Former General Electric CEO Jack Welch defended President Donald Trump against allegations of “flip-flopping” on many crucial issues.
Trump’s actions are “consistent, totally consistent” with his campaign platform promising jobs for Americans, the longtime Republican supporter said, defending Trump on CNN’s Smerconish on Saturday.
Trump has come under fire recently for appearing to change positions on top issues, shifting from campaign promises and statements he made while running for office.
Critics say Trump has changed his mind about China being a currency manipulator, the fate and integrity of Federal Reserve Chair Janet Yellen and the importance of the Export Import Bank.
Welch won't have any of that criticism.
“This flip-flop nonsense is ridiculous media blowback,” Welch told host Michael Smerconish.
“Remember, his platform was jobs, jobs, jobs, American, jobs. The things the media is beating him up for flip-flopping, that’s doing a smart thing, that’s jobs,” Welch said.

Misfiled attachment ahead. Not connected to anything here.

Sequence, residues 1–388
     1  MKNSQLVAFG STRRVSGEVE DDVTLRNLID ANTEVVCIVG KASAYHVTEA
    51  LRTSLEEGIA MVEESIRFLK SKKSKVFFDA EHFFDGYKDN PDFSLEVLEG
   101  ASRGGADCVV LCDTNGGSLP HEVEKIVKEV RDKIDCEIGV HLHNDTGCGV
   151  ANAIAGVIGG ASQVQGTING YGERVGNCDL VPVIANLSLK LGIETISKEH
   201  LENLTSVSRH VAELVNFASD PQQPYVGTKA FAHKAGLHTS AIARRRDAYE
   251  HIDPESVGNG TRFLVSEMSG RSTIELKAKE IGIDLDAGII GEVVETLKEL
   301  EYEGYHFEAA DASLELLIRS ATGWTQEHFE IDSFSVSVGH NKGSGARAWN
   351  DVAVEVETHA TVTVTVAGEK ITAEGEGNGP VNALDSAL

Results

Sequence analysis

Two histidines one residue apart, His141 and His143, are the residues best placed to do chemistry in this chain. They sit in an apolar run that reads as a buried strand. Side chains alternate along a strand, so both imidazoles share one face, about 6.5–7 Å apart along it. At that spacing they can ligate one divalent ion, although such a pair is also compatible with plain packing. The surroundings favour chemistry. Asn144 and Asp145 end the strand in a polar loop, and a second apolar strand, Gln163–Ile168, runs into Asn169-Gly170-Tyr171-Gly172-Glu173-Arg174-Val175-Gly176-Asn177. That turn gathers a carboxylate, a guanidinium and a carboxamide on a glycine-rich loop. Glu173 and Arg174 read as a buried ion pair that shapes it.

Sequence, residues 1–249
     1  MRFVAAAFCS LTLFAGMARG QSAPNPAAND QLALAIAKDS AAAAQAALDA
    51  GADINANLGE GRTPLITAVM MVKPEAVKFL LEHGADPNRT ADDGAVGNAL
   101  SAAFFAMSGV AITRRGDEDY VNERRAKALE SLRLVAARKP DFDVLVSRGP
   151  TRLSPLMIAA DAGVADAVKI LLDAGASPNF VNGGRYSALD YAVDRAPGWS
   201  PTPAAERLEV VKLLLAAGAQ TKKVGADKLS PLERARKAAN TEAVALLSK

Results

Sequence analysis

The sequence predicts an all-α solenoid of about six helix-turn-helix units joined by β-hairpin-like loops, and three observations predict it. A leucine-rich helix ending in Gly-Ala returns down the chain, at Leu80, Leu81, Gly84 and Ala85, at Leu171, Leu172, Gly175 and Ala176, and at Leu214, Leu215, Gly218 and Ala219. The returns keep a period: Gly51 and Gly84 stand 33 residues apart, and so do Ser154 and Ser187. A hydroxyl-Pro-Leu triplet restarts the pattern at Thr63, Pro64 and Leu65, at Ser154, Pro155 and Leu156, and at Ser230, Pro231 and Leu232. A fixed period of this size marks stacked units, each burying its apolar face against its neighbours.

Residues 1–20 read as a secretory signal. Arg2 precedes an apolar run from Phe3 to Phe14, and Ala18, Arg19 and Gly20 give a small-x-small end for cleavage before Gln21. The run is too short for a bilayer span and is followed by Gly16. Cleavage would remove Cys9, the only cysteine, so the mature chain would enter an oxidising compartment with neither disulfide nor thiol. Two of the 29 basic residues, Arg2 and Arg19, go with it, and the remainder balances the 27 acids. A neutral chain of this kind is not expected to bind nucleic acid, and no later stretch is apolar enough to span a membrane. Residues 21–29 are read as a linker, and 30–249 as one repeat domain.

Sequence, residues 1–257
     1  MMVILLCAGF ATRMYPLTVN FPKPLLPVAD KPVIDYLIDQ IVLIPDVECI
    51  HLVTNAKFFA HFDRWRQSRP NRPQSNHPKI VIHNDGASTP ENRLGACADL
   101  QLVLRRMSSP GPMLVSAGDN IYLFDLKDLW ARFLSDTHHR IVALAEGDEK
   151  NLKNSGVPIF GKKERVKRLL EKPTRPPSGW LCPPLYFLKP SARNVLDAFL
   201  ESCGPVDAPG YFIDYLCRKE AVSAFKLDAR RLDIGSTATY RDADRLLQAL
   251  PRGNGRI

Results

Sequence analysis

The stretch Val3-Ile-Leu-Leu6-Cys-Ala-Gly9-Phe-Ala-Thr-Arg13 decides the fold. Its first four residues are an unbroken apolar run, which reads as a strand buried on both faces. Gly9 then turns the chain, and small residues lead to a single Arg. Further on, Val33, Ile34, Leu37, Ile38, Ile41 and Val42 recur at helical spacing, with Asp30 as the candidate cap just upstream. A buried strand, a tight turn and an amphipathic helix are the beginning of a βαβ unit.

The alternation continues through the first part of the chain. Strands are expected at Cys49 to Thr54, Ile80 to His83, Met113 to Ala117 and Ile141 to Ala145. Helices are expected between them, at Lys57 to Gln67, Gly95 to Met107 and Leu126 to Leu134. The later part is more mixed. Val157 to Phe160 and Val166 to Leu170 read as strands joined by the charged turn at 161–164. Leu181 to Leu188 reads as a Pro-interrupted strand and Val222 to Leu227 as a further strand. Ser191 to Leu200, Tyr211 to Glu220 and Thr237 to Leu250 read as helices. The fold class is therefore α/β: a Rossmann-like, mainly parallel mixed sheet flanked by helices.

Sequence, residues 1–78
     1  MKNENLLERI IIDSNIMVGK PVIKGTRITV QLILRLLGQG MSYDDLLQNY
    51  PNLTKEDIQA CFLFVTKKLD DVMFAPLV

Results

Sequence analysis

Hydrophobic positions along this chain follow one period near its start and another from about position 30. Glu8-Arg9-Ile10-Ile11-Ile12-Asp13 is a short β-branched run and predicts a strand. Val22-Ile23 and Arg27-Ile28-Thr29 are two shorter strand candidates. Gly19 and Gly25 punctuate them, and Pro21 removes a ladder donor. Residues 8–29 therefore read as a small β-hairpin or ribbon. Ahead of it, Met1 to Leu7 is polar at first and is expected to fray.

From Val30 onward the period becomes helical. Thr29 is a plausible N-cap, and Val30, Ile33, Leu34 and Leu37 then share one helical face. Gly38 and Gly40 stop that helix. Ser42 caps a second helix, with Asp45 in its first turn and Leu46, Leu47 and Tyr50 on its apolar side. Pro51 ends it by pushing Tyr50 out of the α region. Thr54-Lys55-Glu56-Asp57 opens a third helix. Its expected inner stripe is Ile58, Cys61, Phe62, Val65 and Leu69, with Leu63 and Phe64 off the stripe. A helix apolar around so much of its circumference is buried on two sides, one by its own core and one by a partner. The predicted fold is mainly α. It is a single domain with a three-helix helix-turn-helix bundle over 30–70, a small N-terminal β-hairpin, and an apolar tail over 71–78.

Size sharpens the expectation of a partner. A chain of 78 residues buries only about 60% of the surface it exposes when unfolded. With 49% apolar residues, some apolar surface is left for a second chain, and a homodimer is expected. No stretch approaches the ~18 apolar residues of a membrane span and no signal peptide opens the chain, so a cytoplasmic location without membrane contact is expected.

Welch also says Trump is “thriving” at the White House.
“He loves it,” said the 81-year-old. “He’s learning every day,” Welch said.
“I’ll tell you what, he was deeply into everyone, let’s do this, let’s do that,” said Welch. “I agree with that, don’t agree with that. He engaged staff, I mean a thousand of them and he was in there like he was a real player. I was overly impressed.”
Meanwhile, Newsmax Finance Insider Hans Parisis wonders just what investor reaction will be to the president's apparent policy reversals.
"It's not an overstatement for me to say that as far as Donald Trump’s policies are concerned, we witnessed a breathtaking “flip-flop” performance," Parisis wrote in his exclusive Newsmax Finance commentary.
"This is worrisome for investors because it casts doubt on the actual process about just how Trump and team crafts overall policy," Parisis explained.
"To me, Trump's decision-making process seems to be almost random," Parisis wrote.
"I think one of the big questions for financial markets and for long-term investors is: How do you handle these uncertainties about policy decisions? How do you cope and prepare as an investor amid this uncertainty? What happens if and when the next policy shock occurs?"
Etienne "Hans" Parisis is a bank economist who has advised global billionaires and governments on the financial markets and international investments.
(Newsmax wires services contributed to this report).
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